Suren, a 17-year-old Hisar resident, made his family proud by winning a gold medal in the International Olympiad for Astronomy and Astrophysics, which featured teams from 52 countries.
Suren attended a CBSE school in his hometown for his early education. Both of his parents work for the government and have a strong interest in science. "My father has a biology background, and my mother has a mathematics background. "As a result, both supported and encouraged me in my pursuit of an Olympiad," he says.
Experiment with Olympiads
Suren's mother first exposed him to Olympiads while he was in eighth grade. "I couldn't clear any round because I didn't have any prior expertise or instruction." The type of questions on the exam, on the other hand, sparked my interest. As a result, I enrolled in a four-year weekend classroom programme at a Delhi-based coaching institute in class IX. "Every weekend, I would drive to Delhi with my father to attend lessons," he recalls.
Suren’s mother introduced him to Olympiads in class VIII. “With no prior experience or training, I was unable to clear any round. However, the type of questions in the exam piqued my interest. Thus, in class IX, I joined a four-year weekend classroom programme at a Delhi-based coaching institute. Every weekend, I would travel with my father to Delhi to attend the classes,” he says.
Passionate about Maths, Suren qualified for the national Olympiad in Maths in class IX. However, he was not able to crack the test. “Even in class X, I could not crack the second level of the regional Olympiad. In class XI, with focus towards preparing for JEE along with the Olympiads, I shifted to Delhi and started living with my grandparents,” he says.
In class XI, Suren participated in the Maths Olympiad and senior Science Olympiad, which represents three independent tests in the subjects of Physics, Chemistry and Astronomy. He cleared the national level Olympiad for both Maths and Astronomy. “We could only attend the national camp for one Olympiad, so I chose Maths. Unfortunately, due to Covid, India did not participate in the international Olympiad, so I had to wait,” he says.
It was his fourth attempt at the Olympiads in class XII that finally bore fruit. “I cleared the national rounds in Physics, Astronomy and Mathematics. “Due to Covid, Olympiad national camps were held online, so participants could attend more than one camp. With the difference in the Olympiad and JEE Maths course, I chose to participate in the national camp for Physics and Astronomy,” he says.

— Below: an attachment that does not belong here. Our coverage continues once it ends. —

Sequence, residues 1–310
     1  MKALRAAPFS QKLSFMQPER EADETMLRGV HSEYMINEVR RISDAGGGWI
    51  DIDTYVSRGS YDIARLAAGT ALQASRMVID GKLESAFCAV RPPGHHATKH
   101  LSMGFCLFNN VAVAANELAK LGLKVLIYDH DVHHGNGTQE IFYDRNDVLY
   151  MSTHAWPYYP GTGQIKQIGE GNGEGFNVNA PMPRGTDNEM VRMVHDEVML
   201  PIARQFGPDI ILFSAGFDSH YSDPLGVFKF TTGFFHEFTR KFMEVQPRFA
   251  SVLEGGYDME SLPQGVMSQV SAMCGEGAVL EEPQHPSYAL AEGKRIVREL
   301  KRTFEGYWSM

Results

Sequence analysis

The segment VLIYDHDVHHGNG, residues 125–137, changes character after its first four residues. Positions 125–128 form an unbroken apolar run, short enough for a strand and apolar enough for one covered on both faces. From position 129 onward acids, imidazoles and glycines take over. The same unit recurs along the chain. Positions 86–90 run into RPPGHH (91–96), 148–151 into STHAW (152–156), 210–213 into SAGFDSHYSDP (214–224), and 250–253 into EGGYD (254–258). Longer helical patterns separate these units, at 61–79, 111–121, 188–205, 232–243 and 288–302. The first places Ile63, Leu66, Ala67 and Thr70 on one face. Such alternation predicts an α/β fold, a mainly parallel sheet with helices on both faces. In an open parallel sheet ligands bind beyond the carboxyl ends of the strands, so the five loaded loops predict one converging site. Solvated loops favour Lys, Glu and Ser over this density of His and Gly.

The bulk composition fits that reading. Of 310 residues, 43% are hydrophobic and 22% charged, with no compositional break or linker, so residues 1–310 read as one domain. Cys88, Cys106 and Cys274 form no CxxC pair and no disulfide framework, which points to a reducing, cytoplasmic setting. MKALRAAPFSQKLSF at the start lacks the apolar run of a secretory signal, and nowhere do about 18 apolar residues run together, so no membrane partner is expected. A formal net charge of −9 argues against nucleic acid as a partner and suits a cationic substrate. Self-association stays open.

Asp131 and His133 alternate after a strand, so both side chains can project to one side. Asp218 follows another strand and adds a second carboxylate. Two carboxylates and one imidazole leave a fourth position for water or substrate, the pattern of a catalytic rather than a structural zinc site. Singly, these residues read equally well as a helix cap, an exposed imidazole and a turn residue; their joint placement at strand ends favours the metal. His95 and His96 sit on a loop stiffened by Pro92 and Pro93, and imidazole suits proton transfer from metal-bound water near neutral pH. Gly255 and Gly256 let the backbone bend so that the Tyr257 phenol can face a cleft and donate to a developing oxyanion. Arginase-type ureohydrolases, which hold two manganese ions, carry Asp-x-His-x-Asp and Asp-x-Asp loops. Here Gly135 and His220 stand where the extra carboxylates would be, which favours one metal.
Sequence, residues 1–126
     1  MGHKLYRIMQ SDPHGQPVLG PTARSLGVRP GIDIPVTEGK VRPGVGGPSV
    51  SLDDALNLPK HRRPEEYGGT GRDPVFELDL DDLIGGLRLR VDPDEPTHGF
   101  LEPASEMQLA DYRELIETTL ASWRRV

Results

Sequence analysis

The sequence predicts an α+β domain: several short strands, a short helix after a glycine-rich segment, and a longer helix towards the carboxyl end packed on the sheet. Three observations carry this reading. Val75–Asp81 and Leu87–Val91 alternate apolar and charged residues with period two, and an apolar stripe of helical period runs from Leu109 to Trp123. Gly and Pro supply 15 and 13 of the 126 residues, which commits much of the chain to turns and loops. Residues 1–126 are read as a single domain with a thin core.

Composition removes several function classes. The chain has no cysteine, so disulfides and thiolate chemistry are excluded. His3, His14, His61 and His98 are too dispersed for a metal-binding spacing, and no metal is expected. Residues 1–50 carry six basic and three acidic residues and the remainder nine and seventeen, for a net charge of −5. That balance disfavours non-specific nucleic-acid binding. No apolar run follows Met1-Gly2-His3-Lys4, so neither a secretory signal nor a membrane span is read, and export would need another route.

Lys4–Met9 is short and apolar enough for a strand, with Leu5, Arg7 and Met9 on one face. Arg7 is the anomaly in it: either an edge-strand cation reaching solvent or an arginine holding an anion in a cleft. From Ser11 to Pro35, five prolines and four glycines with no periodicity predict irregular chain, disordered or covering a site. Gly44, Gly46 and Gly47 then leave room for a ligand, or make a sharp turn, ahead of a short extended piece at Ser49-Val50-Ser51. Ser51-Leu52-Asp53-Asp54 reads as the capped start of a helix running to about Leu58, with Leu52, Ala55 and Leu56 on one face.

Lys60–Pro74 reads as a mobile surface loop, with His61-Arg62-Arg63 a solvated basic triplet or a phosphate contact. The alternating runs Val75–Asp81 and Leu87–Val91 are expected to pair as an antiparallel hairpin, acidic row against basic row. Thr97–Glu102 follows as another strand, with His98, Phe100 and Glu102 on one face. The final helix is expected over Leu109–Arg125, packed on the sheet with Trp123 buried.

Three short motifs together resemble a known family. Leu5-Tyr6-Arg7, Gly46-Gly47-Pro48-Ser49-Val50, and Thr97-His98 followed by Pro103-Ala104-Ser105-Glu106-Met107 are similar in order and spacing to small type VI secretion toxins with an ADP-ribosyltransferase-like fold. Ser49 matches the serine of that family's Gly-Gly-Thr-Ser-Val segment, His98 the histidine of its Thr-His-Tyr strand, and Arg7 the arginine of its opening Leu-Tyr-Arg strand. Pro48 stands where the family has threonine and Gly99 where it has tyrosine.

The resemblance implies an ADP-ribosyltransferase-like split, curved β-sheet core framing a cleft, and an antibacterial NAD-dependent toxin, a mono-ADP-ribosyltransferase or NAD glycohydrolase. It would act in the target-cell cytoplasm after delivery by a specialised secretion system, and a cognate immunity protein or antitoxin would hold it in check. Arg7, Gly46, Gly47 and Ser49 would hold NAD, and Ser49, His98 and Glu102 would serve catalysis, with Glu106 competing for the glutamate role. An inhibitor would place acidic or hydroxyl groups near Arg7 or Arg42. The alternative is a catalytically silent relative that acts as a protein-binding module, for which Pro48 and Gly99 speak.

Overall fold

While Suren was a part of the national team participating in the International Astronomy Olympiad, a low rank in the national Physics Olympiad disabled him from being a part of the international test in this subject.
The international Olympiads were held in Mumbai. “The Olympiad team for each subject comprised of five students. All of us had to participate in four individual rounds and one team round across one week,” he says.
Names of all medal winners were announced during the closing ceremony on the last day. Hearing his name as the gold medal winner for the International Olympiad for Astronomy and Astrophysics filled Suren with pride.
Advice, way forward
Studying for long hours might not bear as much fruit as complete concentration would. “I used to study for 6-7 hours daily, but my attention at this time was riveted by my studies and course books,” he says.
The JEE-Advanced rank-19 holder has taken admission in Indian Institute of Technology (IIT) Delhi in BTech (Computer Science and Engineering). “I may take up a career in Maths or Computer Science in the future. As of now, I am enjoying the face that I was able to fulfil a childhood dream of making a name in the Olympiads